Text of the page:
HDR Photography

Many photographers attribute HDR photography to Ansel Adams, a famous American photographer and environmentalist for his black and whites. I’m sure you have seen some of his work on galleries and in department stores. He helped developed a system that determined proper exposure and sharpness from film to print. But what is HDR? For those who don’t know, it stands for high dynamic range. 

How HDR is accomplished is by blending three types of exposures into one. In other words, taking the same shot with a -1, 0 and +1 exposure value.  In a nut shell,  with a -1 exposure value, you capture all the shadows and blacks of your subject. A zero (0) exposure value, you record all the midtones and neutral color of your subject for a more balanced image. Finally, with a +1 exposure value, all the highlights of the subject and scene are recorded only. Therefore, when you blend all three exposures, you get something like this:

There are software applications that can help you achieve HDR. 

Photomatix specializes in HDR imaging. It takes your multi exposure value images and blends them together to create HDR. Once the images are blended, Photomatix will provide you with sliders on a dialogue box. It’s a little challenging at first if you do not know what the sliders mean, but with trial and error and some video tutorials to help you understand, you should be able to process images effectively and in no time. I used Photomatix on the this stock image below.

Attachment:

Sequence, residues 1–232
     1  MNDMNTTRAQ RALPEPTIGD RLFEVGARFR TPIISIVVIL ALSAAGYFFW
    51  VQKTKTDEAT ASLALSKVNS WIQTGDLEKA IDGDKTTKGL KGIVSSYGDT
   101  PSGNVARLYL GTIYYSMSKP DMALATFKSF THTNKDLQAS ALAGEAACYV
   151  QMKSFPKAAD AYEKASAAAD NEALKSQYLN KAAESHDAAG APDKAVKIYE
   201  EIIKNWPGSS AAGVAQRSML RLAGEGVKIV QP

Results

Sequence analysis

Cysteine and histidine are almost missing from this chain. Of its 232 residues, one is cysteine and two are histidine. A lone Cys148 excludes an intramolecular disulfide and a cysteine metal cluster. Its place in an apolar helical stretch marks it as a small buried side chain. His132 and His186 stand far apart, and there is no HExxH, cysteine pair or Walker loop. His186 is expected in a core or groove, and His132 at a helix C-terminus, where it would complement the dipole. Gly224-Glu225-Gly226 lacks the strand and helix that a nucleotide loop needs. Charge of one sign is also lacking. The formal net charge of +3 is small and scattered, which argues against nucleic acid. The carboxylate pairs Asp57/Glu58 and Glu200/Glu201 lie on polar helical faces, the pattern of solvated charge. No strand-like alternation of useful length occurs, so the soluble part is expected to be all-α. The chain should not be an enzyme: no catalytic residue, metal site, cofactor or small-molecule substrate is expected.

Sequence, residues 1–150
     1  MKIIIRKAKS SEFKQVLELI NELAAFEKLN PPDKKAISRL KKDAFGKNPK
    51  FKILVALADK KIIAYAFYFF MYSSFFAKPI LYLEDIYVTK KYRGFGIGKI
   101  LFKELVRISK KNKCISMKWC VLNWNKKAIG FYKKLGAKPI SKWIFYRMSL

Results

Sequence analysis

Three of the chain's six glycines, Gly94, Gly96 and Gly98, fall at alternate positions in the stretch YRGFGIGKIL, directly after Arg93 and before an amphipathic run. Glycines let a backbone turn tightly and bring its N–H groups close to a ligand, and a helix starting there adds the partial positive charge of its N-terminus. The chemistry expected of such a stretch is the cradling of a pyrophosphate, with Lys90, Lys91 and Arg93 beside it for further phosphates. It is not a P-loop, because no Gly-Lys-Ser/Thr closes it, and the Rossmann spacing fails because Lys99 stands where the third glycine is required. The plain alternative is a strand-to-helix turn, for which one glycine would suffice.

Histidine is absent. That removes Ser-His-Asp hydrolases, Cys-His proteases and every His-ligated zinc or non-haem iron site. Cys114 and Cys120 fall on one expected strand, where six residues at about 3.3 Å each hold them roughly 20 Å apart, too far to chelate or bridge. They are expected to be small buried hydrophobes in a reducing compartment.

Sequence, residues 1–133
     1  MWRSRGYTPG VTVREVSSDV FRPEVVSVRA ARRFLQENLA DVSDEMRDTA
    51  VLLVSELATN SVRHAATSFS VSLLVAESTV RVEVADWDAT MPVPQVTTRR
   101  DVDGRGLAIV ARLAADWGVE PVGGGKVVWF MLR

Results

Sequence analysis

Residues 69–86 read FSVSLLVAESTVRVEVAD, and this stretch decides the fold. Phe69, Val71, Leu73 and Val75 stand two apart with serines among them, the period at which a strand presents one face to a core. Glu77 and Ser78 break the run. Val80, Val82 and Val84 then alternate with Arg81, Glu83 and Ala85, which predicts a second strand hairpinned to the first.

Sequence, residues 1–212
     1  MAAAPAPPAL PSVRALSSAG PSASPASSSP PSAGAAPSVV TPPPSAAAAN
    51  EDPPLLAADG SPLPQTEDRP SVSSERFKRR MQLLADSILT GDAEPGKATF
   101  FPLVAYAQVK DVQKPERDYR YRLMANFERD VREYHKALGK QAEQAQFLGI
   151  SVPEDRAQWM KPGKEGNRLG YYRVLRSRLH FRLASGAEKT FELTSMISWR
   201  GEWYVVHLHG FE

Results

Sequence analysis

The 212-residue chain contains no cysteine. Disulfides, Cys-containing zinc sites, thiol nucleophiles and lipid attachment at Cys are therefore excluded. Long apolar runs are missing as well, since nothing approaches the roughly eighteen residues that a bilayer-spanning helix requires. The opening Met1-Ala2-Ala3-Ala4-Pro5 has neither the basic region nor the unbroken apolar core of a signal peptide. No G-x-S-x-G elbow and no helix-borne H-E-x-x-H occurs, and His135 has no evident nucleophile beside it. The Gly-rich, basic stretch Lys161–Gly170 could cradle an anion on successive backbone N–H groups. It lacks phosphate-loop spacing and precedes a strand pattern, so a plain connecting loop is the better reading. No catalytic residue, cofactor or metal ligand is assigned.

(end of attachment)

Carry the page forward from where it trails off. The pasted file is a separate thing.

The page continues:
Nk Software’s HDR Efex Pro is also a helpful application that can also help you achieve HDR. I really like this software because it comes built with HDR presets. HDR Efex Pro allows you to open one image and then choose from a variety of presets to choose from. I think it’s the most easiest software to use because you do not have to do much to achieve HDR. Once you choose the preset you like, you can either adjust some of the sliders to your preference or leave as is. It’s priced well at $159.00. I process the image below using HDR Efex Pro.

Last but not least,we are left with Photoshop CS5 Extended by Adobe. Adobe promised to deliver HDR features in the Photoshop CS5 Extended through its HDR Pro filter. I thinks its okay. I mean, I haven’t seen any great results using it. I have tried to use it about three times and haven’t come up with anything extravagant. I don’t want to sway your decision in any way possible but I would recommend Nik Software’s HDR Efex Pro. However, if you cannot get Nik Software’s HDR Efex and have Photoshop, use Camera Raw. When you purchase Photoshop, it comes with Bridge and Camera Raw as a plugin. Camera Raw can create faux HDR effects. Through its sliders, Camera Raw can really create convincing HDR images. By cranking up the white and black sliders along with the recovery and contrast, you can easily achive an HDR effect. Increase the clarity slider and add some sharpness and you get something like this:

In conclusion, you can achieve HDR very easily. With all the free resources out there on the web, you can find tutorials on how to process single images and convert them to HDR, all be it, faux. Here are some helpful links to HDR processing.

I will post more links in the upcoming week. My laptop battery is running low and I cannot find the cord.


2 thoughts on “HDR Photography

  1. Wow…really nice. I like the saturation of your colors, it’s like your signature style. And great discussion about different ways to achieve the HDR look. I recently tried Photomatrix with some interesting results…however, your review of Nik Software’s HDR Efex Pro is convincing.

    • Thanks Cynth. HDR Efex Pro is the way to go. I think it’s affordable it you want to get into processing images into HDR. Also, what makes an AWESOME HDR is if the shot you take has excellent exposure. I may say, this can be difficult to acheive. That is why multiple exposures are needed for the same image to get a nice HDR result.

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